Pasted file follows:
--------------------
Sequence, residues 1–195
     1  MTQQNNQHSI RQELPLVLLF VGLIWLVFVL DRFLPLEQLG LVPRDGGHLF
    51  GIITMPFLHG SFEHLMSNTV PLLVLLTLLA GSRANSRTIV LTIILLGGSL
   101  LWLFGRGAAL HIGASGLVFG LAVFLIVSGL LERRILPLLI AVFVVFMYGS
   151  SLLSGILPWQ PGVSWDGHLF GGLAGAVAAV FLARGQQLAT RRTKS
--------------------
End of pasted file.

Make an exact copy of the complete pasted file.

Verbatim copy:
Sequence, residues 1–195
     1  MTQQNNQHSI RQELPLVLLF VGLIWLVFVL DRFLPLEQLG LVPRDGGHLF
    51  GIITMPFLHG SFEHLMSNTV PLLVLLTLLA GSRANSRTIV LTIILLGGSL
   101  LWLFGRGAAL HIGASGLVFG LAVFLIVSGL LERRILPLLI AVFVVFMYGS
   151  SLLSGILPWQ PGVSWDGHLF GGLAGAVAAV FLARGQQLAT RRTKS